By October 15, 2018

Onboarding Your New Hires Onto a Mob Programming Team

This piece was a collaboration written by Nate Wixom and Torrey Powell.

Before we get started, we’ll offer a few quick introductions and some terminology definitions.

We both lead marketing technology and software engineering teams at Clearlink—a Utah-based digital marketing, sales, and technology company focused on creating intelligent customer experiences for the world’s leading brands.

Our teams have been utilizing mob programming for well over a year now, and while it certainly took some time to get used to, we’re all big fans of it. Mob programming is best thought of as a software development approach where everyone works on the same project, at the same time, in the same space—and yes, even from the same computer. The adoption of this methodology reduces knowledge towers, increases code quality, reduces technical debt, and increases learning.

The Origin of Mob Programming at Clearlink

The idea to start using mob programming came about when Torrey’s team was designing a new application from the ground up. At a meeting early on to discuss architecture and hash out a game plan, one of his team members suggested they simply do it all together to stay on the same page.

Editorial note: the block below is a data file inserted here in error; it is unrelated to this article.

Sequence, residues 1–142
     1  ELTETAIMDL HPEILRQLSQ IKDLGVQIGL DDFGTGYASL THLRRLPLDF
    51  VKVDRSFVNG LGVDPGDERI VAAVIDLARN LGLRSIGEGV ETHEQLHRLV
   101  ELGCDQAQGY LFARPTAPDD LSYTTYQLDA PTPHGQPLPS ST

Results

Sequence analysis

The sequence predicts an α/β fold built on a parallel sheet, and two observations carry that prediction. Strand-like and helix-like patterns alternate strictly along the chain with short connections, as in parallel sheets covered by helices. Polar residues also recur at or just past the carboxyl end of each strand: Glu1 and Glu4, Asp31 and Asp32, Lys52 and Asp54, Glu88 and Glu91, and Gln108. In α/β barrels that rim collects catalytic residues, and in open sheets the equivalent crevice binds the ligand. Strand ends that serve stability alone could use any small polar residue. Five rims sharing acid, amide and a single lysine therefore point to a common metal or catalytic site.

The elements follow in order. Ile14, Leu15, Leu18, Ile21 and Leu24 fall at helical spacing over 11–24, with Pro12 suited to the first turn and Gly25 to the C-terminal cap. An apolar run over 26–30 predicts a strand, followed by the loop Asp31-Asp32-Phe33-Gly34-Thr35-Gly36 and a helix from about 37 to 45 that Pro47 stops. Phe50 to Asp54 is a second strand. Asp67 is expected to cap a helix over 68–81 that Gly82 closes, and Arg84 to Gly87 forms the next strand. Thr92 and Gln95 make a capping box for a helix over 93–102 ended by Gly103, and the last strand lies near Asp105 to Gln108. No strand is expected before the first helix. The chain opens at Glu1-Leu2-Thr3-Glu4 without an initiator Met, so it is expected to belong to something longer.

Unaware that Nate’s team had also been considering the approach, our two teams were serendipitously heading down the same path to full-out mob programming.

We started to coordinate our efforts, and after attending a conference on the topic, we drafted our initial Mob Programming Manifesto. Our roadmap for implementing this new, radical methodology was complete, giving us plenty of momentum to pitch the idea to the executives.

Having two groups trying the same approach built momentum, which was helpful because a few senior leaders understandably needed convincing, and team members had questions that needed to be answered. We had to persuade a variety of audiences to adopt a rather unfamiliar way of getting work done, which became easy once they began to see the advantages.

Benefits We’ve Seen

A few of the major benefits of mob programming we’ve seen at Clearlink include:

  • Greater knowledge sharing: Team members educate and coach each other up, regardless of level.
  • Increase in quality: We’ve seen far fewer bugs going out the door, given that multiple engineers are reviewing code together.
  • Increase in the skill level of developers: This is tied to the knowledge sharing and coaching we’ve seen.
  • Increased level of engagement with stakeholders outside the organization: Those stakeholders will sometimes join in with the mob setup and really get hands-on with the project.
  • A good model for growth organizations: If you onboard two or three new developers a month, mobbing is much more scalable than setting up individual trainings with existing developers.
  • Exposure to different programming languages: We reorganize the mobs and adjust cadences so that all developers get exposure to different programming languages and become polyglots.